CN: Merchandise Trade Balance

May 7, 2017 10:40 CDT

Consensus Actual Previous
Level [$] $36.85B $38.05B $23.93B
Exports-Y/Y [$] 12.1% 8.0% 16.4%
Imports-Y/Y [$] 16.5% 11.9% 20.3%
Level [Yuan] ¥262.3B ¥164.3B
Exports-Y/Y [Yuan] 14.3% 22.3%
Imports-Y/Y [Yuan] 18.6% 26.3%

China's trade surplus in US dollar terms widened from $23.93 billion in March to $38.05 billion in April, close to the consensus forecast of $38.65 billion. Year-on-year growth in exports moderated from 16.4 percent in March to 8.0 percent in April, below the consensus forecast of 12.1 percent, while year-on-year growth in imports fell from 20.3 percent to 11.9 percent, again falling short of the consensus forecast of 16.5 percent.

China's exports to the United States grew 11.7 percent on the year in April, down from an increase of 19.7 percent in March, while exports to the European Union also slowed from 16.6 percent to 4.0 percent. This was partly offset by stronger year-on-year growth in exports to Japan, up from 8.4 percent in March to 13.3 percent in April.

In seasonally adjusted terms, Chinese exports rose 7.8 percent on the month in April after a holiday-impacted surge of 29.4 percent in March. Seasonally adjusted imports grew 7.5 percent on the month, after an increase of 1.2 percent in March.

Looking at year-to-date data, for the four months to April 2017 China has recorded a trade surplus of $103.3 billion, down almost 40 percent from the balance of $171.2 billion recorded in the equivalent period in 2016. This smaller year-to-date surplus largely reflects the impact of higher global oil prices on Chinese imports. The value of these imports is around $93 billion higher so far this year than in the equivalent period in 2016, whereas the value of China's exports is up only around $26 billion.

In yuan terms, the trade surplus widened to CNY262.3 billion in April from CNY164.3 billion in March, with exports up 14.3 percent on the year and imports up 18.6 percent.

The Merchandise Trade Balance is the difference in value between imported and exported goods. Data are denominated both in U.S. dollars and renminbi. A positive number indicates a surplus meaning that more goods were exported than imported.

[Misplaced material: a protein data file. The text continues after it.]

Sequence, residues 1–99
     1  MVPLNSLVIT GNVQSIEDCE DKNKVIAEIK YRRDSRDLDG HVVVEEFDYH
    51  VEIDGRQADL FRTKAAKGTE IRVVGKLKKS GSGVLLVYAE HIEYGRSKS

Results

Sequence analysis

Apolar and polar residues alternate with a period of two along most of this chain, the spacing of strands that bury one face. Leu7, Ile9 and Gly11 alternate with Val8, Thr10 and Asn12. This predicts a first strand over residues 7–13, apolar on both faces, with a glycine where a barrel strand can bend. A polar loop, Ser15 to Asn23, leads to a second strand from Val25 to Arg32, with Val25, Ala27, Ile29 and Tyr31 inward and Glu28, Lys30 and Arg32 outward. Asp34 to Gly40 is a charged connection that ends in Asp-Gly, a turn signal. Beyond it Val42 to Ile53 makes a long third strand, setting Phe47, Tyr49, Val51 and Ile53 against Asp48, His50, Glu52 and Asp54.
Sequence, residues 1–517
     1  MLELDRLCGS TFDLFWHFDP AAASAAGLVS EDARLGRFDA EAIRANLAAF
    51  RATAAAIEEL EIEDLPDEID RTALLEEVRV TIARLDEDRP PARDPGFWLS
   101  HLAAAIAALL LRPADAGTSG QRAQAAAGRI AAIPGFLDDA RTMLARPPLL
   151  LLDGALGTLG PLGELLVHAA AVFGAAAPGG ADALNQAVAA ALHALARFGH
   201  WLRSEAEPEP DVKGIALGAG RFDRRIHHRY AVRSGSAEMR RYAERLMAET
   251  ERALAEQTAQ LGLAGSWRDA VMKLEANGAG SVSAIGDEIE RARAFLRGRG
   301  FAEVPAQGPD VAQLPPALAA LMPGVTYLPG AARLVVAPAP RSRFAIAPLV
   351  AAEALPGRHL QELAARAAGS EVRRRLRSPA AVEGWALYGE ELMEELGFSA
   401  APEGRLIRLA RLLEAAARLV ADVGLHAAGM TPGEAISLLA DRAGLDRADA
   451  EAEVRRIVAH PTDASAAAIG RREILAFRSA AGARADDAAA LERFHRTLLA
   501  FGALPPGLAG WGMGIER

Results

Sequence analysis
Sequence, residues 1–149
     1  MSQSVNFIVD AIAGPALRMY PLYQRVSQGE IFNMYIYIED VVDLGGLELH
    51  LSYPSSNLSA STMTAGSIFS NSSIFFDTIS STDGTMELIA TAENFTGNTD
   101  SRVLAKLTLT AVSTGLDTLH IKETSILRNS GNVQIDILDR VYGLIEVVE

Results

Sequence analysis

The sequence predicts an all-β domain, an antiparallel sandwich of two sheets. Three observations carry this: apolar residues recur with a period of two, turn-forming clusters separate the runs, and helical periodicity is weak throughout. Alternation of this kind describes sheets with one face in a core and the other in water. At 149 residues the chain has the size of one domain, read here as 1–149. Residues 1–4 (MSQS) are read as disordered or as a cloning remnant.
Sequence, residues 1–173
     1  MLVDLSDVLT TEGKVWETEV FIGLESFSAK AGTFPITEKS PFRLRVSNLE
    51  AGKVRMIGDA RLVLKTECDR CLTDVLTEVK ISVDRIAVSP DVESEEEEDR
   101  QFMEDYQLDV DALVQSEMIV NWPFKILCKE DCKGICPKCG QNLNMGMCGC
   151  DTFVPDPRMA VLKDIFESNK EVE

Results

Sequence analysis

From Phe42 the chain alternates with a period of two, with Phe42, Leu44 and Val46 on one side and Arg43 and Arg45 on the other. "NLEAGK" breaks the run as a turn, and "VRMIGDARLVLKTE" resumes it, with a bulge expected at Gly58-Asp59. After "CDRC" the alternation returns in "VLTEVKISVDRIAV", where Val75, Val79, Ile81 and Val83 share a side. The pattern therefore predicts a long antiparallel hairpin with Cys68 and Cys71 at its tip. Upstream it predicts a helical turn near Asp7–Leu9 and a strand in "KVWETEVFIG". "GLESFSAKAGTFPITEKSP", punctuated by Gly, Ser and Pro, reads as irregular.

Changes in the level of imports and exports, along with the difference between the two (the trade balance) are a valuable gauge of economic trends here and abroad. While these trade figures can directly impact all financial markets, they also affect currency values in foreign exchange markets. However, the foreign exchange impact is muted here given that the currency is pegged to a basket of currencies and its value is determined daily by the government.

China's growth stems from its exports to the industrialized world. And in turn, global growth is dependent upon Chinese growth, especially since the financial woes of 2008.

Merchandise trade statistics are compiled and published by Customs General Administration (CGA) on a monthly basis. Preliminary estimates are available about 13 days after the reference month with details available within 25 days. Since 1980, the compilation of Customs statistics follows the concepts and definitions of the International Merchandise Trade Statistics: Concepts and Definitions. Data are released for total imports and exports in the Chinese currency and the U.S. dollar. There are five main categories each for primary and manufactured goods. Detailed information is available by category, destination country, foreign enterprises and domestic region to name a few. Geographically, the data covers the customs territory of the mainland China and excludes Hong Kong, Macao and Taiwan.